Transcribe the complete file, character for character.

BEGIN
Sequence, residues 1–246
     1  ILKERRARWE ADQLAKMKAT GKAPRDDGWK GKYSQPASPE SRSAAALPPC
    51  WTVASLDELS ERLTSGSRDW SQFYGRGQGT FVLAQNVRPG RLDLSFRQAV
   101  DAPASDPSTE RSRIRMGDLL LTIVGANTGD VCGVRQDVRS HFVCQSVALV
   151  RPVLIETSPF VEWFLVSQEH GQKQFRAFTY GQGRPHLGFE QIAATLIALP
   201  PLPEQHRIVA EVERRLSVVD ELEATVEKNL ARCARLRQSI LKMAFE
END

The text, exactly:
Sequence, residues 1–246
     1  ILKERRARWE ADQLAKMKAT GKAPRDDGWK GKYSQPASPE SRSAAALPPC
    51  WTVASLDELS ERLTSGSRDW SQFYGRGQGT FVLAQNVRPG RLDLSFRQAV
   101  DAPASDPSTE RSRIRMGDLL LTIVGANTGD VCGVRQDVRS HFVCQSVALV
   151  RPVLIETSPF VEWFLVSQEH GQKQFRAFTY GQGRPHLGFE QIAATLIALP
   201  PLPEQHRIVA EVERRLSVVD ELEATVEKNL ARCARLRQSI LKMAFE